Lying never really gets you what you want. At best it gives you a lifetime of worry and covering your tracks. So why is it that we decide to lie so often? Many believe it to be compulsive while some point the finger at shame. I think people are just scared. Scared of what might happen, of what people might think, of what Judges might rule. While these concerns are legitimate it doesn't justify the end.
No matter your situation I ask that you consider your words. Quick responses aren’t always necessary, and many times end up in disaster. Hold tight to the idea that a person is only as good as their word, and try to be the best you can. I give my client's three (3) rules to follow when testifying in Court. (1) Answer only what's asked. The more you talk, the more you lie, and you shouldn’t assume you know the direction the attorney is taking you. (2) Don't play games. The simple truth is that this is a game you can’t afford to lose, and knowing that the attorney has all the rules and you don't make that prospect just too risky. Finally, and most importantly, (3) always tell the truth. A person who tells the truth never has to remember the facts, and most often, that’s why you are there. Those little hesitations in your voice are what gives it away, so make sure to be confident in your answer. There is nothing worse than telling the truth, and no one believing you.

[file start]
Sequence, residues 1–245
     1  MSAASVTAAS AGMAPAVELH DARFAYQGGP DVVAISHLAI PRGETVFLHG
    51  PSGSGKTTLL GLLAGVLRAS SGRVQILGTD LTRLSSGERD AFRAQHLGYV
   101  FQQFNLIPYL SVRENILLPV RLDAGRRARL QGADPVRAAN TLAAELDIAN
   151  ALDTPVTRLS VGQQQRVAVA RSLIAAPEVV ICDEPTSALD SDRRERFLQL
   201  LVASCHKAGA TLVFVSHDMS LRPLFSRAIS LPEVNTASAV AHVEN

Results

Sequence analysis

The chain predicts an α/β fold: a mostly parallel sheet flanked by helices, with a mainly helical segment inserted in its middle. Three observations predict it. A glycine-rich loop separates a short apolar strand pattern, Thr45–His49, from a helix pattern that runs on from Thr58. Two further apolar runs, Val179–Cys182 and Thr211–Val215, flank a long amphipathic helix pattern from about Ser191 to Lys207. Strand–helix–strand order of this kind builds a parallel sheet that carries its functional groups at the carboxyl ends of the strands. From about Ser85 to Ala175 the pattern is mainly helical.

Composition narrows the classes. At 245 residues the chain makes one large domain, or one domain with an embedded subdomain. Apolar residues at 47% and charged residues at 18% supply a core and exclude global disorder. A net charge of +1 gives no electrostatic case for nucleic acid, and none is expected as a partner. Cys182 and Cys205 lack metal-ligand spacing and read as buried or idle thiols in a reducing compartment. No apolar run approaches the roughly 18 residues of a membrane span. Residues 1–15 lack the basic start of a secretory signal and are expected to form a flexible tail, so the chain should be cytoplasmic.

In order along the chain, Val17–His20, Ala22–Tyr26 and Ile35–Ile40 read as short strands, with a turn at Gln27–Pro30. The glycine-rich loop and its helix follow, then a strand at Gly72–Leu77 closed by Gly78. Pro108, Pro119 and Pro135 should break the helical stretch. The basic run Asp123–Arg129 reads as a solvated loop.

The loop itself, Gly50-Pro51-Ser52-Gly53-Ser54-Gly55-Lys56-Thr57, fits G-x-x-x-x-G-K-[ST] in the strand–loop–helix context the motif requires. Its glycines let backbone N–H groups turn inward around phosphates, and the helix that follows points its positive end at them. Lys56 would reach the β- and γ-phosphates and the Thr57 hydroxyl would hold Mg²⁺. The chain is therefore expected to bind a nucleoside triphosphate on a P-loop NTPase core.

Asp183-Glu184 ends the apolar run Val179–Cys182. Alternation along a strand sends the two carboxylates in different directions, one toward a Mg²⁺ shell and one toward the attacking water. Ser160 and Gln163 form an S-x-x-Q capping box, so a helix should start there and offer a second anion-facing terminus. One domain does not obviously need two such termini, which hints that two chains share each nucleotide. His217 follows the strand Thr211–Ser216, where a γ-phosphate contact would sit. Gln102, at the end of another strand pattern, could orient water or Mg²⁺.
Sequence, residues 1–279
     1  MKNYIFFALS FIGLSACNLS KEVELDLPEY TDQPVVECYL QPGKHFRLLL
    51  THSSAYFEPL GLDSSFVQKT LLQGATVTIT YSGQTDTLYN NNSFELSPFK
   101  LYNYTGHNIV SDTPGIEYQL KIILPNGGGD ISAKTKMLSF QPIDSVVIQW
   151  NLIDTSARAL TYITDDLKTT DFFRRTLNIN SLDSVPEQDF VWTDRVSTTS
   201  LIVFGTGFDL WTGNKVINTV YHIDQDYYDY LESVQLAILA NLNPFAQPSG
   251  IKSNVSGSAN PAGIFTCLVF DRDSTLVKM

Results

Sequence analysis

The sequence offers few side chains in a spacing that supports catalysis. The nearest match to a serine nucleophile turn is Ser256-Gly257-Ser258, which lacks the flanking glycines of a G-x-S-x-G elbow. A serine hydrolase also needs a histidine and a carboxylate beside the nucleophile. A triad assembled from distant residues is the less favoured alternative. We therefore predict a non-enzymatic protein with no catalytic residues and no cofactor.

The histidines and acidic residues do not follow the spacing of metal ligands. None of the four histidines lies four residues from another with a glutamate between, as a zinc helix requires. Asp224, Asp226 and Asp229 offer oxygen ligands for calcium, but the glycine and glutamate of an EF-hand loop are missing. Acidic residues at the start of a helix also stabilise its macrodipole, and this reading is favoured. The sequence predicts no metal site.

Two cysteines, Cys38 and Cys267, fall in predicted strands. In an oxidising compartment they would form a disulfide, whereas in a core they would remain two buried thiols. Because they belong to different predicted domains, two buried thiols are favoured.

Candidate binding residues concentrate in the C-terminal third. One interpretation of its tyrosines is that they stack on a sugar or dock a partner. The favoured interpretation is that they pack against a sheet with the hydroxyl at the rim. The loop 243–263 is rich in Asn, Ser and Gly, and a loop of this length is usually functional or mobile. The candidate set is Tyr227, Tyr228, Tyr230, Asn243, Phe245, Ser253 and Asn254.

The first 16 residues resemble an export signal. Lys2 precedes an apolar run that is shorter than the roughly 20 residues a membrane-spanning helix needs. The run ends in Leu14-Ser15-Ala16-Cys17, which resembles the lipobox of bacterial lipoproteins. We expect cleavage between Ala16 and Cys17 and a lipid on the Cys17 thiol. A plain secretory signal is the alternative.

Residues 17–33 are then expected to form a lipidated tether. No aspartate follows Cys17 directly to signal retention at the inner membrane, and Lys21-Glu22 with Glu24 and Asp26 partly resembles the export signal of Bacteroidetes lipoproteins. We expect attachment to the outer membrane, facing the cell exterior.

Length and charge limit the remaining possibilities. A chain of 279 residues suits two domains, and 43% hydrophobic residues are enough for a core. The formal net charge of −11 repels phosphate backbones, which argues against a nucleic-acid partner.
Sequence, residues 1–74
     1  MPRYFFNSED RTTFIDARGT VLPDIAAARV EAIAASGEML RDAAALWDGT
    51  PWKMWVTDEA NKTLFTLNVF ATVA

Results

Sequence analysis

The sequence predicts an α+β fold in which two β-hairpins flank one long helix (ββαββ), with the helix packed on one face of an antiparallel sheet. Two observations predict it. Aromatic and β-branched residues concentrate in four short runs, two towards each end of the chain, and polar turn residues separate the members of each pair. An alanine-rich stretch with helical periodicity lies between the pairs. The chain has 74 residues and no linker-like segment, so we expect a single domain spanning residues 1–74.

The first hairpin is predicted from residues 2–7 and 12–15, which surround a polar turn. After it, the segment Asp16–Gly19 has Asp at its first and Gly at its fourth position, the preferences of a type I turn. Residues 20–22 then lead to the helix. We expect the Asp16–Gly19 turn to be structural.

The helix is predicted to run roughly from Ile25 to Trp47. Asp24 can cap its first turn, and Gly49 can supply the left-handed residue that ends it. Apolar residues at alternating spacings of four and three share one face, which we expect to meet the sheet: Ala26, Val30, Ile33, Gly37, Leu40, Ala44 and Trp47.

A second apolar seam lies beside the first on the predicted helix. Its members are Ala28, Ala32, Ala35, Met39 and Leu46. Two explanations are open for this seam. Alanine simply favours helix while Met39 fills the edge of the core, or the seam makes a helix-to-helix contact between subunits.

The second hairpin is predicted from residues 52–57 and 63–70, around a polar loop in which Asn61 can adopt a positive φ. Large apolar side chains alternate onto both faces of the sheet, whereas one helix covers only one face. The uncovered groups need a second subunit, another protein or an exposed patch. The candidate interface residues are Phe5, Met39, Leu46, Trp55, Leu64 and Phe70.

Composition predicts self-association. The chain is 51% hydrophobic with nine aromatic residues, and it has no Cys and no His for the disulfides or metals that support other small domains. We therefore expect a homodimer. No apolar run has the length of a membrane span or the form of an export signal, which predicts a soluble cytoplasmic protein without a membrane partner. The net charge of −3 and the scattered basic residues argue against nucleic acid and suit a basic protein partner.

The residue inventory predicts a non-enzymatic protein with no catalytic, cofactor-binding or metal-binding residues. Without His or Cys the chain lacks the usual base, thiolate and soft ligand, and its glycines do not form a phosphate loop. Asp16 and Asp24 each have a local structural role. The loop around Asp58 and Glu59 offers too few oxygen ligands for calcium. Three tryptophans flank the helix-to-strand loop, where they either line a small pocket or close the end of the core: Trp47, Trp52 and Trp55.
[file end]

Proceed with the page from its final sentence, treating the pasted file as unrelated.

To that end, I feel like I can learn more about a person in a trial than I could in any other setting. Not because of what they tell me, but rather what they don’t tell me. The truth is sometimes ugly, but it is always better than a lie.
Joel Harris is an Attorney in Nixa, MO and serves the Springfield area. He engages in a variety of different legal activities including Divorce & Custody, Criminal Law, Traffic & DWI, and Auto accidents.